The best part about the parks – and it took me going to a couple of them before my stubbornness subsided – was the accessibility of the rangers. They are extremely knowledgeable and were always open to suggesting the best course of action for the day. I leaned on them for advice almost every time I went out into the park and because of them, I was able to find some gems that weren’t in any of the brochures. I jumped 20ft off a rock cliff into Phelps Lake with Devils Canyon as the backdrop; I hiked up Observation Point Trail to get the best view of Zion National Park – far, far better than Angel’s Landing. Most rangers were able to recommend secret spots to look out for.

Each park has a lot of other activities to offer, too – some are ranger-led and others you can do solo. You can kayak down rivers, canoe or paddle board on lakes, hike through slot canyons up Zion. There’s a lot to learn about the flora and fauna of, too, and most campsites usually have a lecture led by the rangers each night where they talk about what can be found in their respective parks.




If you had to recommend one or two must-see parks, which would they be and why?

If time was limited I’d probably hit up Wyoming – you can see Grand Teton and Yellowstone and stay in Jackson Hole if you prefer creature comforts. I had the best time in Grand Teton – it was the first time I had seen a wild bear up close. Hiking back from Lake Solitude I was 15feet away from a bear eating berries on the trail. It was scary stuff. Truth is, you could spend weeks in each park and not come close to seeing everything.

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What was the biggest takeaway from this trip?

The US interior is just phenomenal and people should know more about it. My friends and family always go to big cities like LA or New York or Chicago or Miami, but they should all try get into the interior. If you’re in LA, drive 4 hours north and visit Yosemite – the drive will be well worth it – or head a couple hours east and see Joshua Tree. Just get out of the city! The U.S. is a beautiful country and you shouldn’t just limit yourself to the cities.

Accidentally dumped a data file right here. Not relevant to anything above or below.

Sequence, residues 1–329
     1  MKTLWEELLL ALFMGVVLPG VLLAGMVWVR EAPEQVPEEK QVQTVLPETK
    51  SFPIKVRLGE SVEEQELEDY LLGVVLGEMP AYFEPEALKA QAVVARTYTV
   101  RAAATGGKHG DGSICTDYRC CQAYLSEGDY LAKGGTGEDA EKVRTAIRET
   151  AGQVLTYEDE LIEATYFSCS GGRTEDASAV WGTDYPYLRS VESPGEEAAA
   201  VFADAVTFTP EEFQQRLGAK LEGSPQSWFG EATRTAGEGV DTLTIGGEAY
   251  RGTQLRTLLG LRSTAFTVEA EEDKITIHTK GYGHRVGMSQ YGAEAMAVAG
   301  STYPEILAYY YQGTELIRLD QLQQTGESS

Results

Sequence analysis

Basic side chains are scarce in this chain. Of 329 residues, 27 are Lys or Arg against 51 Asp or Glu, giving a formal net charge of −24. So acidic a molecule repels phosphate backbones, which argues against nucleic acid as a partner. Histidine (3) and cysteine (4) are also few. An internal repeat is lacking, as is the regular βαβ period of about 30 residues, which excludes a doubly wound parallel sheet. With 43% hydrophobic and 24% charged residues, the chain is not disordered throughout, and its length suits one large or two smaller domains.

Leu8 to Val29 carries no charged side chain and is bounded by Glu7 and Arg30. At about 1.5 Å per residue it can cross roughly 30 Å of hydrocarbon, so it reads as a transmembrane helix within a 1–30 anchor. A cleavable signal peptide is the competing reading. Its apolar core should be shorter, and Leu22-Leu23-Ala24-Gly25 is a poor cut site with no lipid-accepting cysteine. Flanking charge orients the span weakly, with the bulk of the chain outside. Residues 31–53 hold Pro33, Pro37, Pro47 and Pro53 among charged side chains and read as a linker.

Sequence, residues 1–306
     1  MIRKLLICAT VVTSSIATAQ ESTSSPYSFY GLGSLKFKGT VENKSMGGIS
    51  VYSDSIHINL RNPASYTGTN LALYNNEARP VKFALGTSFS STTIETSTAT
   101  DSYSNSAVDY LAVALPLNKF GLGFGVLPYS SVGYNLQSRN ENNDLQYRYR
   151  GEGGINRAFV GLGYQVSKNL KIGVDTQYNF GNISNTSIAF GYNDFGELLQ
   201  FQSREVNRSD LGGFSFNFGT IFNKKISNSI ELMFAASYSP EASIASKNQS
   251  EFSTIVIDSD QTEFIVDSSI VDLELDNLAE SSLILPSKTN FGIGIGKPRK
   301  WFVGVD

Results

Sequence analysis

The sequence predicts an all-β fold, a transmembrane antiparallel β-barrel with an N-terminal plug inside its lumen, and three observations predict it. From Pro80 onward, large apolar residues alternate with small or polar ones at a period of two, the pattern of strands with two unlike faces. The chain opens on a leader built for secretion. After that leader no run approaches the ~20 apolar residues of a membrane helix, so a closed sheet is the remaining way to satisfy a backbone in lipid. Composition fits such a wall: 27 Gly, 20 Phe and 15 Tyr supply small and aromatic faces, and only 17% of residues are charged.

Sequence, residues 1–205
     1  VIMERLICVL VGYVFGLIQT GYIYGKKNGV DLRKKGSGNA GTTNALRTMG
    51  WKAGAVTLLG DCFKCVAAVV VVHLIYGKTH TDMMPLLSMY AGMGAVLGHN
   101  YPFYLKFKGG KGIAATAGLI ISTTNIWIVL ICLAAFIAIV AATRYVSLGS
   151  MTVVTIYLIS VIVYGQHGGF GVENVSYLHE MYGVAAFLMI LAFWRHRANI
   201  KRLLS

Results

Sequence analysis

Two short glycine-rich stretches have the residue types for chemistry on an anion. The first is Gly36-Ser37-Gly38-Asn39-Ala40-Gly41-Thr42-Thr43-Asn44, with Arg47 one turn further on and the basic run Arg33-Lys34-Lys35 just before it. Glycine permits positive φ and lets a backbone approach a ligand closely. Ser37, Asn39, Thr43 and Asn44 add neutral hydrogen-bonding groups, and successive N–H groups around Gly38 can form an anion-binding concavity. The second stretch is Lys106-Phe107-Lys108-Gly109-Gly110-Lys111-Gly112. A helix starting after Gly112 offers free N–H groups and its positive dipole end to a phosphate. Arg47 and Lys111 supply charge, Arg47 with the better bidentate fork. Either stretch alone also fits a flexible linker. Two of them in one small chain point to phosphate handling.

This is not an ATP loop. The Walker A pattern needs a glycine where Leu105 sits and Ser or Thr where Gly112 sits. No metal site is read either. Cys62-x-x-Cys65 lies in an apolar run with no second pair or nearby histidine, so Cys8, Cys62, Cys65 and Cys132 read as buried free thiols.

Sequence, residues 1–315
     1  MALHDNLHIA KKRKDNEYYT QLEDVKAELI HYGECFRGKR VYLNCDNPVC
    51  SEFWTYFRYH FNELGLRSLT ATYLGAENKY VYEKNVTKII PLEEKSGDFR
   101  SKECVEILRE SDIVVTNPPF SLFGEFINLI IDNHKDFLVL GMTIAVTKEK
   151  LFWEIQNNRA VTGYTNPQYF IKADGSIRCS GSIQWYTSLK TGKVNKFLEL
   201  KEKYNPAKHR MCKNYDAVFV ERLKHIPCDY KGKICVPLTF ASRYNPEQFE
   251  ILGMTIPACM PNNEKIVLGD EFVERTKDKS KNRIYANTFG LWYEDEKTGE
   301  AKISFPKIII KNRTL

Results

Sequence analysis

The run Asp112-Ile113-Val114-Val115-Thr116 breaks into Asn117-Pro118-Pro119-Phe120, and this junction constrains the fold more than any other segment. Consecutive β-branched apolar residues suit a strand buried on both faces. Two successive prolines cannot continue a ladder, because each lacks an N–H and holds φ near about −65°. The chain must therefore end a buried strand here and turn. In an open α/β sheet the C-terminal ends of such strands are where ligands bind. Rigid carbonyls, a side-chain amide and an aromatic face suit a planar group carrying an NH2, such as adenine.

Dan Sadgrove is from New Zealand and is currently on the road travelling. With a background in anthropology and ethnomusicology, he has a strong interest in different cultures and often travels to places that offer a unique slice of life unlike his own experience of growing up in suburban New Zealand.


  1. so awesome dude! I did a solo road trip myself this past summer to Arizona and up into Zion. There’s something abo a solo adventure that allows you to truly explore the wilderness and yourself without interruption. It’s truly a moving and inspiring time. I plan on doing a longer trip next summer much like yours: more of Utah, up into Wyoming, and over to Oregon before I head south through Cali back to San Diego. Thanks for sharing your experiences!

  2. I’m definitely a huge supporter of National Parks and love visiting them! I’ve been to National Parks and Historic Sites all over the country (and not just because I want to get stamps for my National Parks passport). The US has incredible landscapes and scenery and they are not be missed. Great photos and insights about your unique visits!

  3. Since I’m a female, I’m wondering if you have any inside opinions about me taking on a similar road trip solo. I’ve been considering bring a dog along. (That wouldn’t mean I would have to get a dog first.) do you think having a dog with me would be better or worse? Hold me back at all? Or would the safety of it be worth it? If you could do it again, would you go alone or bring friends? It’s one of my biggest goals to do what you did. I’m just not sure what the best plan of action would be. How long did the trip take you?

    • We have been traveling national parks for the past 24 years. We plan on doing them again after retiring. Dogs are great companions but not allowed on the trails in national parks. Makes us sad

    • Hi Breeana,

      I sent you an email but it may have gone in your spam folder. Get the dog after – like Karen mentioned dogs are mostly not allowed on the trails in the National Parks.

      This trip took me roughly 3 months solo but I was taking my time. You can limit yourself to 5 or 6 parks and do it in a much shorter time, especially if you hit the Southwest Utah region there are 4 pretty close together.

      If I could I’d do again I’d go with friends, but being solo you have total freedom to do whatever you feel like. In my experience the National Parks are very safe and very friendly. I linked up with many people in the parks and we hiked together for parts of it. You don’t need to plan much, just get out there and get stuck in. The beauty of the first step is even though it’s often the hardest to take, it will only get easier. You learn the good and the bad on the way and the experience of becoming experienced is worth that first step.